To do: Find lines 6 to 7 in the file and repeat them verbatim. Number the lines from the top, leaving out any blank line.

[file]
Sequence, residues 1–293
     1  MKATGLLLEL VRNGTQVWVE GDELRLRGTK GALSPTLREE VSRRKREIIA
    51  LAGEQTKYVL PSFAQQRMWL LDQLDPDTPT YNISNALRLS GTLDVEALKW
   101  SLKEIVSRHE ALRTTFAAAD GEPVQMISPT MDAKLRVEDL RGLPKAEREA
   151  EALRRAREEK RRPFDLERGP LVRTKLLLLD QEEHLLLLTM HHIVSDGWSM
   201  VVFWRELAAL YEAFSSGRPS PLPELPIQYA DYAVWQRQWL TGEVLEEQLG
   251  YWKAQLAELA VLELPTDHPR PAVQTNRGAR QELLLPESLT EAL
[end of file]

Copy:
   201  VVFWRELAAL YEAFSSGRPS PLPELPIQYA DYAVWQRQWL TGEVLEEQLG
   251  YWKAQLAELA VLELPTDHPR PAVQTNRGAR QELLLPESLT EAL